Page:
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N2 - The differential dysfunction of chromatic and achromatic visual pathways in early Parkinson's disease (PD) was evaluated by means of visual-evoked potentials (VEPs) recorded in 12 patients (mean age 60.1 ± 8.3 years; range 46 to 74 years) in the early stages of PD and not yet undergoing treatment with L-dopa, and in 12 age-matched controls. Visual stimuli were full-field (14 deg) equiluminant red-green (R-G), blue-yellow (B-Y), and black-white (B-W) sinusoidal gratings of two cycles per degree, presented in onset (300 milliseconds) - offset (700 milliseconds) mode, at two contrast (K) levels (90% and 25%). The VEP mean latencies were significantly more delayed in PD patients than in controls for chromatic than for luminance stimuli, in particular for B-Y stimuli of low contrast (K90%: B-W = 6.6 milliseconds, R-G = 3.34 milliseconds, B-Y = 15.48 milliseconds; K25%: B-W = 7.8 milliseconds, R-G = 14.8 milliseconds, B-Y = 28.9). Latencies of chromatic VEPs were more variable that achromatic VEP latencies in both normal subjects and PD patients. Therefore, the frequency of latency abnormalities (within 30%) was not significantly different for the three visual stimuli. Our results show that, in addition to achromatic VEPs, chromatic VEPs are impaired in early PD patients not yet undergoing L-dopa therapy, indicating an acquired color deficiency in these patients. The greater delay for the B-Y VEPs suggests a higher vulnerability of visual blue-cone pathway in the early stages of the disease. However, the overall sensitivity of chromatic VEPs in detecting early visual impairment in PD is comparable with that of achromatic VEPs.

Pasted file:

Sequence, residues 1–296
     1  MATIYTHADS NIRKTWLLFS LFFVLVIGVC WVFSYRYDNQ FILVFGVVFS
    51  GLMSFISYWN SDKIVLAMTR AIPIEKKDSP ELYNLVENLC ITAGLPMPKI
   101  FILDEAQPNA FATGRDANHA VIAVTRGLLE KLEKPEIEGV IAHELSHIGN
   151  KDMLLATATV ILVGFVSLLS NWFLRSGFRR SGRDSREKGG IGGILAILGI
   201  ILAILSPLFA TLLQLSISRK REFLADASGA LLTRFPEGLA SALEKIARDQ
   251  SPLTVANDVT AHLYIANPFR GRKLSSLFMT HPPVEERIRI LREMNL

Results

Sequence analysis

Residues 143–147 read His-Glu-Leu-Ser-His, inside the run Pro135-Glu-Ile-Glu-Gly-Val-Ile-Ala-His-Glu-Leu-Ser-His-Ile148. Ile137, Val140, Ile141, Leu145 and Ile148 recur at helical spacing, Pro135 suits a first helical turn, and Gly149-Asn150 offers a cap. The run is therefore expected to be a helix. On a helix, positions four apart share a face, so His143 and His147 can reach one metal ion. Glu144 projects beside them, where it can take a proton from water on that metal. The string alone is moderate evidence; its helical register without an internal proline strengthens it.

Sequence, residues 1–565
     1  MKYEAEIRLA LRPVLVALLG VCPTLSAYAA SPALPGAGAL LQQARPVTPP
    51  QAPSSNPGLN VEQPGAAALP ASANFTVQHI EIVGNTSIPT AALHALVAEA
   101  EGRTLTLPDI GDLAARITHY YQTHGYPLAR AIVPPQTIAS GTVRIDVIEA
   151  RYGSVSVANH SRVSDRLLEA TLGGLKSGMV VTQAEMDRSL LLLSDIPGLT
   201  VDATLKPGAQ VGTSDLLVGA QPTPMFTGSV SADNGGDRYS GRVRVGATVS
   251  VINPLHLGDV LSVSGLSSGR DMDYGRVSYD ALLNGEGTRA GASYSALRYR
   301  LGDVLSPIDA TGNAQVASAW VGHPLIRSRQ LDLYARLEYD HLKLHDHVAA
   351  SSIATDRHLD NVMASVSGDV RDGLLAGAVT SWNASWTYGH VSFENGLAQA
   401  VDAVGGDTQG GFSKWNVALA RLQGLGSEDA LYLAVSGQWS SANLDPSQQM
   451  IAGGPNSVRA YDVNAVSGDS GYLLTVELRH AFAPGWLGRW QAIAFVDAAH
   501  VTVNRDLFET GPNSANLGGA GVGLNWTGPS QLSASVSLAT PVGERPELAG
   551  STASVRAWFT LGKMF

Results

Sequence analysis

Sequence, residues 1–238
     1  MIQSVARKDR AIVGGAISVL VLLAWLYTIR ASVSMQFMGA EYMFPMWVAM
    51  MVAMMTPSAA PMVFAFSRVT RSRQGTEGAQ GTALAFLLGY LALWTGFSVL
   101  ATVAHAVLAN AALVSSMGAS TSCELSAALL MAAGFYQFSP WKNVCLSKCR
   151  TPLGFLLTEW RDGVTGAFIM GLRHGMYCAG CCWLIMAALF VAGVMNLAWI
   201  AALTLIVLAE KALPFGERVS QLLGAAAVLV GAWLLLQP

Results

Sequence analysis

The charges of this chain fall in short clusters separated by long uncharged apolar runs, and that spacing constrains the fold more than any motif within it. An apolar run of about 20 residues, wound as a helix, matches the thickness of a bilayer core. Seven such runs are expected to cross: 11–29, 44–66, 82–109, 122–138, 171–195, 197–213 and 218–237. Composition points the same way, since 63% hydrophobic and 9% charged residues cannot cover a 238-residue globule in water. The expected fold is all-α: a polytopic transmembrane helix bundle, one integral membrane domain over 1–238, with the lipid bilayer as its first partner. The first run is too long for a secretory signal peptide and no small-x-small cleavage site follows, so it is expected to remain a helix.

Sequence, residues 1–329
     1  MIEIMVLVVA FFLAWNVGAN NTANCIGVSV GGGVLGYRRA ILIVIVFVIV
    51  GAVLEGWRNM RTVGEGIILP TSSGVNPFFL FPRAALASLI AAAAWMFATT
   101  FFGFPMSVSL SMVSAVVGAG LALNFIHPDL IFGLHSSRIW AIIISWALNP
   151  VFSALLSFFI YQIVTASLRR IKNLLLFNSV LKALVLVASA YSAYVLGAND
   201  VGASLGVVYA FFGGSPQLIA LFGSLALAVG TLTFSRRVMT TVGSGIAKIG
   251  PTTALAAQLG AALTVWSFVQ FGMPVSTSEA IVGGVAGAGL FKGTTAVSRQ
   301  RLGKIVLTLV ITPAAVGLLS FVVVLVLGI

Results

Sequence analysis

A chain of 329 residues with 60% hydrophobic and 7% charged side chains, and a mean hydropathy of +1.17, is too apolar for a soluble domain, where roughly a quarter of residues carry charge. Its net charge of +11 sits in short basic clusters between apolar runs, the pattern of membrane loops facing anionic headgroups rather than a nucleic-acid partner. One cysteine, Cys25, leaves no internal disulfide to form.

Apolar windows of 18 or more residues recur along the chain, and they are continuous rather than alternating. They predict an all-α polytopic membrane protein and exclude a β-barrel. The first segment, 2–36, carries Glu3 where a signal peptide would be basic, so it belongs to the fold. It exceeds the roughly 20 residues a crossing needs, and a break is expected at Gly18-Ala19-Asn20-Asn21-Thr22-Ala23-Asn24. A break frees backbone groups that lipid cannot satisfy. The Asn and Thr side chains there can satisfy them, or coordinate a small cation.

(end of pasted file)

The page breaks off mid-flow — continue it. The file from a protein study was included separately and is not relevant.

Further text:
AB - The differential dysfunction of chromatic and achromatic visual pathways in early Parkinson's disease (PD) was evaluated by means of visual-evoked potentials (VEPs) recorded in 12 patients (mean age 60.1 ± 8.3 years; range 46 to 74 years) in the early stages of PD and not yet undergoing treatment with L-dopa, and in 12 age-matched controls. Visual stimuli were full-field (14 deg) equiluminant red-green (R-G), blue-yellow (B-Y), and black-white (B-W) sinusoidal gratings of two cycles per degree, presented in onset (300 milliseconds) - offset (700 milliseconds) mode, at two contrast (K) levels (90% and 25%). The VEP mean latencies were significantly more delayed in PD patients than in controls for chromatic than for luminance stimuli, in particular for B-Y stimuli of low contrast (K90%: B-W = 6.6 milliseconds, R-G = 3.34 milliseconds, B-Y = 15.48 milliseconds; K25%: B-W = 7.8 milliseconds, R-G = 14.8 milliseconds, B-Y = 28.9). Latencies of chromatic VEPs were more variable that achromatic VEP latencies in both normal subjects and PD patients. Therefore, the frequency of latency abnormalities (within 30%) was not significantly different for the three visual stimuli. Our results show that, in addition to achromatic VEPs, chromatic VEPs are impaired in early PD patients not yet undergoing L-dopa therapy, indicating an acquired color deficiency in these patients. The greater delay for the B-Y VEPs suggests a higher vulnerability of visual blue-cone pathway in the early stages of the disease. However, the overall sensitivity of chromatic VEPs in detecting early visual impairment in PD is comparable with that of achromatic VEPs.